Best Treatments for a Distal Radius Fracture on Long Island
The phrase wrist fracture may sound complicated, but it’s actually the medical term for a broken wrist. The wrist itself is made up of eight small bones that connect the hand to the radius and ulna–the two bones of the forearm—and a wrist fracture can happen to any of these ten bones including the ends of the radius or ulna.
The most common type of wrist fracture actually occurs at the end of the radius, a type of break that is called a distal radius fracture.
What causes a distal radius fracture?
While traumatic incidents such as motor vehicle crashes—car or motorcycle—or falling from a height such as a ladder can cause severe injuries, the most common cause of distal radius fractures is a simple fall.
When we fall, we instinctively put out a hand to try to break the fall, and this in turn often breaks the wrist instead. This is especially true in older people, who may have weakened bones due to osteoporosis or other causes.
What are the signs and symptoms of a distal radius fracture?
As with most fractures, a broken wrist usually results in pain and swelling. It is usually difficult or even impossible to move the hand or use it, although this isn’t always the case.
If you’ve suffered a distal radius fracture, you will probably experience the following:
- Pain in your wrist, immediately after the fracture occurs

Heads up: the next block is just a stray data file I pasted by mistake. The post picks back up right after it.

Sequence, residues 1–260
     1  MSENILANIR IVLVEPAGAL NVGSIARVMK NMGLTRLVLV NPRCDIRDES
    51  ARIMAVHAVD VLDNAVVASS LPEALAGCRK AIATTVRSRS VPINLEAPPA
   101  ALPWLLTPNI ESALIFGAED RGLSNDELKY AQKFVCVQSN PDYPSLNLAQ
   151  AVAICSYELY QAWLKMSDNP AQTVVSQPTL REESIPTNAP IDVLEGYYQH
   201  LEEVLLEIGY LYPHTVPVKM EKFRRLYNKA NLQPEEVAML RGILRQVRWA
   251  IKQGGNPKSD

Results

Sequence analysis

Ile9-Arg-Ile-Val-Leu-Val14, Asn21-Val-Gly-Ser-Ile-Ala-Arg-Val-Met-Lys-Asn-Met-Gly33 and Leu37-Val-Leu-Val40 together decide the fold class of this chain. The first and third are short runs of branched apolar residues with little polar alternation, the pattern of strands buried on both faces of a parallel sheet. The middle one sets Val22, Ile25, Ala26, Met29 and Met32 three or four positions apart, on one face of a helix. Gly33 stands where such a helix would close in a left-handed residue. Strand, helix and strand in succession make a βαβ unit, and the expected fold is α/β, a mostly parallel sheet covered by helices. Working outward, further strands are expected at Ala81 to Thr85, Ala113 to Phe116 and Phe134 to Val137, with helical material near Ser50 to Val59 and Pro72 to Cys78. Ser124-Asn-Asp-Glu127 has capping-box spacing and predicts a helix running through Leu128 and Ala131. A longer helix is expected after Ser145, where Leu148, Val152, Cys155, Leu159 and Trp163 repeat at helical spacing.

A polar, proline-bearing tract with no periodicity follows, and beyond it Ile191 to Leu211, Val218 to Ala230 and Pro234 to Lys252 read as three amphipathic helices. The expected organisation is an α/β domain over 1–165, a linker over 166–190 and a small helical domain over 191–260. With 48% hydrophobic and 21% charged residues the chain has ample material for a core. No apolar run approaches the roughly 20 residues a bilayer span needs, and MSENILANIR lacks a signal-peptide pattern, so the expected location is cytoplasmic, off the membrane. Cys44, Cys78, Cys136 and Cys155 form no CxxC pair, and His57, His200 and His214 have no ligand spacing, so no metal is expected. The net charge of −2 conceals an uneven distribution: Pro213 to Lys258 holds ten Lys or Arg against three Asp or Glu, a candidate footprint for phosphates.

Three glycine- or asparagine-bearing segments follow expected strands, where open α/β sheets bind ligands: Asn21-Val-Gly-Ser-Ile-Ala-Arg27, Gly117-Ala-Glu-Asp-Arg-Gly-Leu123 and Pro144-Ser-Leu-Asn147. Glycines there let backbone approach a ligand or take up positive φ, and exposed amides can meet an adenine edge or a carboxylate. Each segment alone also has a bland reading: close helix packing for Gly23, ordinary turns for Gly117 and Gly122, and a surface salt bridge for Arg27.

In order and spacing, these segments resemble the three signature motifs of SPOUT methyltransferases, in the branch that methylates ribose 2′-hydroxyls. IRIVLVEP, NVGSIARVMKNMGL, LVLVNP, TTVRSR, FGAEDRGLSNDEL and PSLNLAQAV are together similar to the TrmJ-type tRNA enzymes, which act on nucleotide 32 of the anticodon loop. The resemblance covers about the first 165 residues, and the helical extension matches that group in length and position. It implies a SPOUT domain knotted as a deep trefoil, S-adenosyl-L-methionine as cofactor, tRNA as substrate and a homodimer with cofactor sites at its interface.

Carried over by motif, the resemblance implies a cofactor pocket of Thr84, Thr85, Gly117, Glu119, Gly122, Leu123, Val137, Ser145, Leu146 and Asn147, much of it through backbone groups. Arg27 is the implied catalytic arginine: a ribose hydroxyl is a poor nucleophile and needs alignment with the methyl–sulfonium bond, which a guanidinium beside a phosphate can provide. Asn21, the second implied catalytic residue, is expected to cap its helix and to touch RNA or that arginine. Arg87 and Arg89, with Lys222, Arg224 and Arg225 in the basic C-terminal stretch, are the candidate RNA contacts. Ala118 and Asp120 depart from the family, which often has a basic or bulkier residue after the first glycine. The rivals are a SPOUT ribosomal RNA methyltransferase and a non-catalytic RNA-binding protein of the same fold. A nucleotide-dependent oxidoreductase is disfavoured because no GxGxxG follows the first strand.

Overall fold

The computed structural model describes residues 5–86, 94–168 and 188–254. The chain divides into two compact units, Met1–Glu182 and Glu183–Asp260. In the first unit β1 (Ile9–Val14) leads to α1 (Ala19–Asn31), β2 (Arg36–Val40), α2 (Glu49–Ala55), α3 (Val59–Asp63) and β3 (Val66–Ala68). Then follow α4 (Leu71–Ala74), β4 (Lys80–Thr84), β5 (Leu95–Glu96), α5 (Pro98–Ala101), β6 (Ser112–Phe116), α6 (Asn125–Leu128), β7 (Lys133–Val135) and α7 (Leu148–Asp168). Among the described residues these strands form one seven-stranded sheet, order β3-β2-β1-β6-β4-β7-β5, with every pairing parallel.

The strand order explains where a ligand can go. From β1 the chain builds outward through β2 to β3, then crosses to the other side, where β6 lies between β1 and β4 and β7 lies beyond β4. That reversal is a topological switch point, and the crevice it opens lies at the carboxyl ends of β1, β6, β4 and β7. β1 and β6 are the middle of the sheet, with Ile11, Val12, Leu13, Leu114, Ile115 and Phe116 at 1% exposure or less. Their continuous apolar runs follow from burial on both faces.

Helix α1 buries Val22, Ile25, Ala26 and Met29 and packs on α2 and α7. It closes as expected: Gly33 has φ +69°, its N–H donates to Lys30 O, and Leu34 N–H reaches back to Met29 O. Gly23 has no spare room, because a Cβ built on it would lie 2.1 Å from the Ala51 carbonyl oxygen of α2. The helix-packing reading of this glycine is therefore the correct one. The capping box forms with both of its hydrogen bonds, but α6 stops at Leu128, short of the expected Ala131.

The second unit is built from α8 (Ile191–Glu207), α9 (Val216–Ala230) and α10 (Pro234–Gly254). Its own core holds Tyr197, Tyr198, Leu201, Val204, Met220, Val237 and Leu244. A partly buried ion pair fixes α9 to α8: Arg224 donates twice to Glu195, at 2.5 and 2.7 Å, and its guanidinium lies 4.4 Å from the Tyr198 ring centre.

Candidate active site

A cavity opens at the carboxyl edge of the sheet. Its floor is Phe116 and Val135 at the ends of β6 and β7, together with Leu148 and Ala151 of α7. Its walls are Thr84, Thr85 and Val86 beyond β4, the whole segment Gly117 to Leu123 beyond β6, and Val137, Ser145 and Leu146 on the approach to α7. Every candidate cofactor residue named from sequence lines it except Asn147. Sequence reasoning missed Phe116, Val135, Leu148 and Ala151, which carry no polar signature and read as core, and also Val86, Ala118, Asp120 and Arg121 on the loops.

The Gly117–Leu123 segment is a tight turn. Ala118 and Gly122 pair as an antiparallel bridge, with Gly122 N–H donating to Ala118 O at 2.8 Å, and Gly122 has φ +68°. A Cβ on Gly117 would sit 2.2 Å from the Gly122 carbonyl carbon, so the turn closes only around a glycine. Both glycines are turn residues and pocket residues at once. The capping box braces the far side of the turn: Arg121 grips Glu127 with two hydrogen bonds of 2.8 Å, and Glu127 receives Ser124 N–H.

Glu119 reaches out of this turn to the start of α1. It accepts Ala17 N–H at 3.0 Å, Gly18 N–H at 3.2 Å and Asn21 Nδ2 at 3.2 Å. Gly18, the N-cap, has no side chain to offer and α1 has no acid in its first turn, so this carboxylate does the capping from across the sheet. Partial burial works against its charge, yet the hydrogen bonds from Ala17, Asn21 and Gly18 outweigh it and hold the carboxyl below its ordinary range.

- Pain that is worse if you try to move the wrist or hand
- Tenderness to the touch
- Swelling and bruising
You may also hear an audible cracking or snapping sound, and your wrist may be visibly misshapen, depending on the severity of the break.
What are the best treatments for a distal radius fracture?
The best treatment for a distal radius fracture depends on many different factors. A distal radius fracture may need surgical repair, or, depending on the type and severity of the fracture, may be effectively treated without surgery.
The best treatment for your particular injury depends on a variety of things including:
- The type of fracture: displaced, unstable, and open (where the bone has broken through the skin) fractures require different care.
- Personal factors: Your age, job, hobbies, activity level, and whether it is your dominant hand all play a role in choosing the proper treatment.
- Your overall general health
- Presence of other injuries
Non-surgical treatments for a broken distal radius commonly include:
- Closed reduction (“setting” the bone) by an orthopedic specialist. This moves displaced pieces of the broken bone back into their correct positions.
- A cast or splint to keep the forearm immobile
- Anti-inflammatory medications to reduce pain, swelling, and inflammation
- Physical therapy to restore strength to the forearm muscles and range of motion to the wrist
In some cases, surgery may be necessary in order to reposition the broken bones and keep them stable and in their proper position while they heal.
Where can I find treatment for a distal radius fracture on Long Island?
Mirza Orthopedics is the premier orthopedic hand, wrist, elbow & shoulder center on Long Island. We serve active patients of all ages from Suffolk County, Nassau County and beyond. We offer a minimally-invasive treatment for distal radius fractures; this cutting-edge alternative uses a versatile fixator called the CPX, a device developed by Dr. Ather Mirza. The CPX provides flexibility and simplicity in maintaining the proper positioning of small pins as the broken wrist bones heal.
If you think you may have suffered a distal radius fracture, prompt medical attention and evaluation is imperative. Contact Mirza Orthopedics today and schedule an appointment with the Long Island orthopedic practice that specializes in distal radius fracture treatment.